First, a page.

Coaching levels represented ranges from the middle school level all the way up to small colleges, with the majority falling in the middle at the high school level.
Among the coaches attending the clinic was former WVU point guard Jason D'Alesio. Mountaineer fans may remember D'Alesio, the gritty walk-on from Weirton who fought his way up the depth chart to earn the starting point guard job his senior year. He is currently teaching in Pittsburgh, and starting his coaching career as a high school assistant. No doubt he'll make a great coach one day.
The clinic ran from 9:00 am until just after 3:00 in the afternoon. The Mountaineer players were on hand as well to run through drills as instructed by the WVU coaches.
The morning started off with Coach Beilein lecturing on the importance of trapping defense and beating a trapping defense.
"Work on the little things. Little things are so important," he stated.
Next up was assistant coach Jeff Neubauer, who Beilein called "the top young assistant in the country." Neubauer talked about scoring off the dribble. As the Gold and Blue faithful know, junior slasher Drew Schifino is one of the best at this in the Big East.
"You don't have to be athletic, or explosive to score off the dribble," Neubauer explained. "You want the defender to make you dribble the ball."
New assistant coach Jerry Dunn taught about all the different ways to use a zone defense. He stressed the importance of players communicating on defense, no matter if it's a zone or man.
The morning session wrapped up with Wheeling Jesuit coach Jay DeFruscio leading a seminar on defense in general, but especially on pressuring the ball no matter what kind of playmaker or shooter has it.
Overall, the coaches seemed impressed with Beilein and his staff. WVU grad David Culicerto, the head coach at William Byrd High School in Roanoke, VA (he pointed out how good it is to be a Mountaineer in Hokie country), was among those singing Beilein's praises.
"I have heard nothing but good things about Coach Beilein. He develops skills and players very well. Hopefully I can take some of this back home and use it for my team."
After taking an hour for lunch, the entire Mountaineer basketball team came out for a Saturday afternoon practice.
"I have a template for every practice, whether it's a 2 hour practice or a 2 and a half hour practice," Beilein would later say.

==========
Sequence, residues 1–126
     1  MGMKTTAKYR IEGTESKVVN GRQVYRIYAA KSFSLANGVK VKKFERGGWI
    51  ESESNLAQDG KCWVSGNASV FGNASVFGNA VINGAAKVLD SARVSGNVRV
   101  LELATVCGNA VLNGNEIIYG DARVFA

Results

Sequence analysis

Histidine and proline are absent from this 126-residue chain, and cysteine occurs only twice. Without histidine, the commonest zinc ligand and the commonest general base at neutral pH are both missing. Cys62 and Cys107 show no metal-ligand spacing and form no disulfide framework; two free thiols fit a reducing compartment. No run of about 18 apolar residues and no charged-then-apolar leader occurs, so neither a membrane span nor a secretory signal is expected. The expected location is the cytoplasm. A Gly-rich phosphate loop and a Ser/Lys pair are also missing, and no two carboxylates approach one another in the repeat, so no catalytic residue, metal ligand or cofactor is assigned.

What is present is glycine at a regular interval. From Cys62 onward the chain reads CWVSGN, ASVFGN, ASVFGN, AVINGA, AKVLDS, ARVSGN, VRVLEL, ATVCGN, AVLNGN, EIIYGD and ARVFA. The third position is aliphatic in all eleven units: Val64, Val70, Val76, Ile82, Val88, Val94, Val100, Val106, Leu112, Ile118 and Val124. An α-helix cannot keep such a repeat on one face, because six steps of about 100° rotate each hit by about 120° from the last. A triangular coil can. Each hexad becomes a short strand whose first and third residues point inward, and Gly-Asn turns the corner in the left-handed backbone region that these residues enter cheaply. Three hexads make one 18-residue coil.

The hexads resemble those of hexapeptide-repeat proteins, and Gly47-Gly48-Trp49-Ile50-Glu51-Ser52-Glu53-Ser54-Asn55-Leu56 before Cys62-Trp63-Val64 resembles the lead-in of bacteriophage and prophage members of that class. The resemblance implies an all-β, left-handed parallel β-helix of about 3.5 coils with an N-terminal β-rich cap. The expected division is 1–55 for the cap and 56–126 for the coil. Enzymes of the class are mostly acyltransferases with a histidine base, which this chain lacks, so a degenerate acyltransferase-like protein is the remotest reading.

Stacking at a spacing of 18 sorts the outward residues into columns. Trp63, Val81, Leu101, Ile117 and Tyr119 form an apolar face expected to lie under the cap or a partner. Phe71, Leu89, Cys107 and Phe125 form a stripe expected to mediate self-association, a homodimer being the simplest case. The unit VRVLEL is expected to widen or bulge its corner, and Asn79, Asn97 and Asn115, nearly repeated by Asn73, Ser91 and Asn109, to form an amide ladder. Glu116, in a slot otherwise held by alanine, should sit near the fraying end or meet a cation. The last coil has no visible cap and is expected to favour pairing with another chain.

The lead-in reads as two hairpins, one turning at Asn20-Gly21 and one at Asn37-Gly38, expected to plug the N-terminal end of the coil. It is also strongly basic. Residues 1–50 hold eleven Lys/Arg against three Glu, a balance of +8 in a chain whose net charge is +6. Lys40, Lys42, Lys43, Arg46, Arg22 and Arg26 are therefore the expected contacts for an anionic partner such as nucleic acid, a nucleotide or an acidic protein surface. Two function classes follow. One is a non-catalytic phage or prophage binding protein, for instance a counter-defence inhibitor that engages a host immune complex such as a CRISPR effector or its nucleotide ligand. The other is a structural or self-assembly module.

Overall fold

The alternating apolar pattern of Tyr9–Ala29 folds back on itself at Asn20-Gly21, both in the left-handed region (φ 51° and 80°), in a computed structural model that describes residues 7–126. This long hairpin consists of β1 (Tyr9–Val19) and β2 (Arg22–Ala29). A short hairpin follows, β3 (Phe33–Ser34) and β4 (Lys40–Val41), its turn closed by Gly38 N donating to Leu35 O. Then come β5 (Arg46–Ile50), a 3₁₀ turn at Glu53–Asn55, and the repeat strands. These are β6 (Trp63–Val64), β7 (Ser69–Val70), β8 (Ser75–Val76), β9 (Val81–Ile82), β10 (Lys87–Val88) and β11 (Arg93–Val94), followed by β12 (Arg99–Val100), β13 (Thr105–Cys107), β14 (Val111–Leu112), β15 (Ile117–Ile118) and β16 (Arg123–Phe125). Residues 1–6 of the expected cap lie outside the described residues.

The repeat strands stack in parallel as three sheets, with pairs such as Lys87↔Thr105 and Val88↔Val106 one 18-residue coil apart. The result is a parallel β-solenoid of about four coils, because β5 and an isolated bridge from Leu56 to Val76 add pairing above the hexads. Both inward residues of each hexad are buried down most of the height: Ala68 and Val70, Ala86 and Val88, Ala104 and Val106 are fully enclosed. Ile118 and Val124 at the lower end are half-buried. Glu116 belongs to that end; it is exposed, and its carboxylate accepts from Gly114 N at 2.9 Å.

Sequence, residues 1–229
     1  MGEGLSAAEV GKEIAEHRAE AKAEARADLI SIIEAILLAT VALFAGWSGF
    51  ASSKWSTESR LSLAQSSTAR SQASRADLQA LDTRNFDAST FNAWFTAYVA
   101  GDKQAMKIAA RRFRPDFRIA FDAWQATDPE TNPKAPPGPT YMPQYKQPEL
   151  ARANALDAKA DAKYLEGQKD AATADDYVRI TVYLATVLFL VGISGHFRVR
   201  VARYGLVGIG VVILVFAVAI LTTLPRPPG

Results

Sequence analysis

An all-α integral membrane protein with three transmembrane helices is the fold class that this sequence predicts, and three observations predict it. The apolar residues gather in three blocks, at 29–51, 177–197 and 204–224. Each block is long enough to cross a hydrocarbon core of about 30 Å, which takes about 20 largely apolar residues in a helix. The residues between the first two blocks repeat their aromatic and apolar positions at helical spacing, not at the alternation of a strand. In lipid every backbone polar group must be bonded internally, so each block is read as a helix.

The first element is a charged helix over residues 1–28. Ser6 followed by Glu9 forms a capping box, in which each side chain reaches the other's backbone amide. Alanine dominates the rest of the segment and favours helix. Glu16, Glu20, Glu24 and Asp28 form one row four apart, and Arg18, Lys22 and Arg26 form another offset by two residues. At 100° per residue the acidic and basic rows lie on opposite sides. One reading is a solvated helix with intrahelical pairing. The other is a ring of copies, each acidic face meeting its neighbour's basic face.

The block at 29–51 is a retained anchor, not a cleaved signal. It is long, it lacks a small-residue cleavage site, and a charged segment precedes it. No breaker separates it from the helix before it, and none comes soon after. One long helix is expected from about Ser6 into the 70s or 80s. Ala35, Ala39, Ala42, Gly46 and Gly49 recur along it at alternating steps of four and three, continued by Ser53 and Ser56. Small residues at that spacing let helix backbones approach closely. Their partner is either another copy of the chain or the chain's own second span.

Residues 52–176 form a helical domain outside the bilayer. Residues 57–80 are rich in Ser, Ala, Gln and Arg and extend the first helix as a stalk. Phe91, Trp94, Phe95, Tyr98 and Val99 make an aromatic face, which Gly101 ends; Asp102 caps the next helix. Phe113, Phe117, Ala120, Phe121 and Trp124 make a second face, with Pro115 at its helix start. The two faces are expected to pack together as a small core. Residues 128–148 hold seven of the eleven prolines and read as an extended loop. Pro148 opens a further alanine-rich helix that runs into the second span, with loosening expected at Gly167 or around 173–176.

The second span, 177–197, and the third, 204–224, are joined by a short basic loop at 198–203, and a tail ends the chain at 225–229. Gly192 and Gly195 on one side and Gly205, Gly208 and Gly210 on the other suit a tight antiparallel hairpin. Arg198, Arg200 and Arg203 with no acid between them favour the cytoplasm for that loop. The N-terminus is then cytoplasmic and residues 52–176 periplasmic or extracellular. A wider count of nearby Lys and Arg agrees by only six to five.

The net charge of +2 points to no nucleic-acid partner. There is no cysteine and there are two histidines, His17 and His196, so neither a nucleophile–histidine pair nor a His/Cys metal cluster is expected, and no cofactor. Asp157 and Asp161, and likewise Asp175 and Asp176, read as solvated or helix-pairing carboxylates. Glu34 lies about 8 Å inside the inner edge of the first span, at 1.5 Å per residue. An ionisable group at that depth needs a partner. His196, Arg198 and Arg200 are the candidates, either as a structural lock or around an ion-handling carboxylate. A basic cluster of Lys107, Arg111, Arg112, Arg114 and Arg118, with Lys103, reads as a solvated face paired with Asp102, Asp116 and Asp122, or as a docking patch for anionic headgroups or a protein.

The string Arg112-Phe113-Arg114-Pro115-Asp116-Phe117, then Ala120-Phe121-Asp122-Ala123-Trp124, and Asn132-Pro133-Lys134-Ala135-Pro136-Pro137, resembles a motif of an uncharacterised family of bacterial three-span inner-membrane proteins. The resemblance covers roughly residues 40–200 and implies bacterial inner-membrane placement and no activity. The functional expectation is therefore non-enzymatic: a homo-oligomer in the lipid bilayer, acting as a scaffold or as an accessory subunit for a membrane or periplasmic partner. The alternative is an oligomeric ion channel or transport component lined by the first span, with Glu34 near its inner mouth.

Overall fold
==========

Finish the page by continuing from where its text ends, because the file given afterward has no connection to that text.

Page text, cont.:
Every minute of the practice is planned. The first seven minutes is for stretching and getting loose. While half the team stretches, the other half does ball handling drills to warm up. Halfway through the seven minutes, they switch.
There was a good sense of team unity. Following the seven minutes warmup, the team huddled at mid-court.
"How we gonna' practice," Beilein yells.
"HARD," the team responds.
"How we gonna' practice," Beilein repeats.
"SMART," the young Mountaineers yell back.
The rest of practice is conducted with a number of drills, but like everything else, never for an extended period of time.
"Hubie Brown once told me never to spend more than 10 minutes on one drill," Beilein said.
Beilein charts various things, such as assists, turnovers, and charges taken during practice to keep track of who is performing the best at what. He also announced that anytime big men Kevin Pittsnogle or D'or Fischer hit a jump hook shot in practice, he (Beilein) would do 5 push-ups. Needless to say, the two are trying to make that a big part of their game, and Beilein ended up performing about 40 push-ups on the day.
For the entire 2 hours of the practice, the players gave Beilein and his staff everything they have. In return, Beilein gave his players the utmost respect, constantly telling them "good job" or "way to go." When they made a mistake, he didn't berate them in front of the whole team, rather he told them what they needed to do to correct their mistake, and they did it.
At the end of the day, the sense was that this was a team ready to make the next baby step on the road to success. Even though last year ended a 14-15 record, the team improved by leaps and bounds, especially in fundamentals, over the course of the season. Expect to see even more improvement this season. In fact, the team expects to make great strides, as illustrated by their final breakdown after huddling up at the end of practice.
Chris Richardson is a lifelong Mountaineer fan and a journalism student at WVU.